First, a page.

AUSTRIAN NEWSPAPER -- March 26, 2006

"California Dreamin'"

by Michael Freund

Eulogy for a Utopia: "Malibu Song" by Werner Hanak and Natalie Lettner

The end of the trip has many names. Those that moved to the Western U.S. came to the edge of the Pacific, where they still found no peace, or perhaps only a false silence. Their stations were called San Francisco, the perfect melting pot; Monterey with Steinbeck's "Cannery Row"; the Lala-land of the dreamers and starlets, Los Angeles.

Or Malibu. This place lies close enough to LA that you can see is smog layer. On the other hand, it's far enough away that the beaches are clean and desirable. On the water's edge are the rows of mansions that Malibu can afford. But the rural land has been mostly a half wilderness with canyons.

In one of these, Topanga Canyon, was preserved a special California "ecosystem," an improvised colony of artists, and of aging and upcoming hippies – people who came here when the land was open, Hawaii was too far, and the local spirit was right.

Natalie Lettner and Werner Hanak learned about this idyllic community in the Canyon at the end of the '90s. When they returned to Malibu in 2002, Lettner had the idea to document their life. At the time the filmmakers only thought the project could be made into a eulogy. "Malibu Song" is exactly that: a swan song.

In the middle of the gigantic steel and asphalt kingdom of Southern California, so says one resident, there was a small bubble protected by a fairy without the restrictions of the upwardly mobile existence happening all around it. That sounds like counterculture kitsch, but it come across otherwise. Not only because the bubble bursts, but also because the film enlarges the characters' biographies.

The poet who physically lives in the Canyon, but who lives emotionally on the edge of the Milky Way and reflects upon his Pop-past with Captain Beefheart; the woman who remembers when she saw Malibu for the first time on Independence Day in 1969 and how she never left again; the painter discovered by Warhol who sold really well until he found out "how idiotic art is." And so on.

Lettner and Hanak's documentary concentrates on how these hold-outs deal with eviction notices. The filmmakers don't judge or dramatize, and they avoid social criticism, as well as the West Coast Euphoria/Pathos. The last part of the film is a sobering picture of how the protagonists live afterwards. While one can't get over the loss of her Utopia, another proudly displays his new grill in his tract home. But the first impression is strongest: these are the days to remember.

DIAGONALE (Austrian Film Festival, Graz) -- March 21-26, 2006

"Malibu Song"
2006, Digi-Beta, Color, 65 Minutes

Camera: Werner Hanak
Editor: Udo Schuetz
Sound Design: Thomas Kathriner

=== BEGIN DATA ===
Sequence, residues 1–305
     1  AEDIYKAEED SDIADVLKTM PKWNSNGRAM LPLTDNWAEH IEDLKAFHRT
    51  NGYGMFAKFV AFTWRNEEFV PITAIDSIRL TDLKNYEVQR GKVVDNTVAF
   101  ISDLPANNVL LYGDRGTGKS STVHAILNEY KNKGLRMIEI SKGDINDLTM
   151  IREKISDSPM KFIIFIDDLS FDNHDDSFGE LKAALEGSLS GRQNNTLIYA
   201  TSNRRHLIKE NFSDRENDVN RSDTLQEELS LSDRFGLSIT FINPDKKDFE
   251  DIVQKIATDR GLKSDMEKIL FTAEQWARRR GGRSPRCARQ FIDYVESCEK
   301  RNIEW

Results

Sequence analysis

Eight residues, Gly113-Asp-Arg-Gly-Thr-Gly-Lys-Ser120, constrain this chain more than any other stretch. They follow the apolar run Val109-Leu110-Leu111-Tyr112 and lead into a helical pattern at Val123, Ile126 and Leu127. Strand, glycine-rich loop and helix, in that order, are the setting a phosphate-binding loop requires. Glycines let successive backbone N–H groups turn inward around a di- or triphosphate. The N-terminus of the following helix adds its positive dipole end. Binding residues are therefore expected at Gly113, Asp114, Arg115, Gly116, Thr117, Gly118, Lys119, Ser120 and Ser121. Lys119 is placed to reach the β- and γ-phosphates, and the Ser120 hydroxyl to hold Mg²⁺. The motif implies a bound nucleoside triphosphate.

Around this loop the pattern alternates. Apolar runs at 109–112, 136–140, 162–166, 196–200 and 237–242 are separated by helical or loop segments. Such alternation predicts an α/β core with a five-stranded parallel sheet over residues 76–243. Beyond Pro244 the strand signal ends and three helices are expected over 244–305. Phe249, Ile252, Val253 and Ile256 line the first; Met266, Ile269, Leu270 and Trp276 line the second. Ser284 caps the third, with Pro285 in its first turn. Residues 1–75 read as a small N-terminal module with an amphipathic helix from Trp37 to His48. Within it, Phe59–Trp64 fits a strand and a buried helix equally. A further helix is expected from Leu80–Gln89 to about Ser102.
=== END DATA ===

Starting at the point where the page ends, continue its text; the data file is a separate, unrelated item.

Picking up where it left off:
With: James Mathers, Norton Wisdom, Carole Winter, Herb Bermann, Larry Payne, Pablo Capra, John Overby.
Producer: eurotrashproductions
Grant provided by: City and State of Salzburg
Premiere screening: Diagonale 2006

Natalie Lettner:
Born 1965 in Salzburg. Studied Literature, Art History, and Theater. Working since 2000 at Vienna's Art History Museum.

Werner Hanak:
Born 1969 in Salzburg. Working since 1994 as Curator at Vienna's Jewish Museum.

Beginning of the 21st century: in an almost unspoiled environment near Malibu, California, a community of artists and non-professionals has been living for decades in makeshift buildings dating back to "hippie times." In 2002 the State of California bought Topanga Beach, a prime Malibu site and home of the artists, and is now forcing the inhabitants to surrender their homes and lifestyles – ironically for the creation of a new National Park. This film is their "Malibu Song" made from dissent and life utopias, which they are not prepared to relinquish.

California, beginning of the 21st century: an artists colony with hippie roots in Malibu by LA. The painter James Mathers sits in front of his Airstream trailer and sings the "Malibu Song": "A song for all the lazy poets," then say, "life was not given to us to be productive." Then he stands up and paints a picture.

The artists colony had until now successfully weathered the global neo-liberal storm: Norton Wisdom, both a performance artists and lifeguard in Malibu; Carole Winter, an incorrigible flower child; Herb Bermann, a one-time Rock poet who wrote songs for Captain Beefheart; Larry Payne, a master of 24-hour architecture; Pablo Capra, a young poet for whom his neighbors are fairytale heroes; and John "Baretta" Overby, a homeless man who wrote the "Malibu Song."

Many from the community considered it hopeless to fight a "good thing" like a National Park, and so they dispersed in all directions. Others like James Mathers are fighting for the preservation of this unique colony: "Will they ever get rid of us?"

A film about the end of a chapter of American cultural history that is on the other side of Arnold Schwartzenegger and George Bush: "Everything that's wrong with America is anti what this community is." (Natalie Lettner, Werner Hanak)

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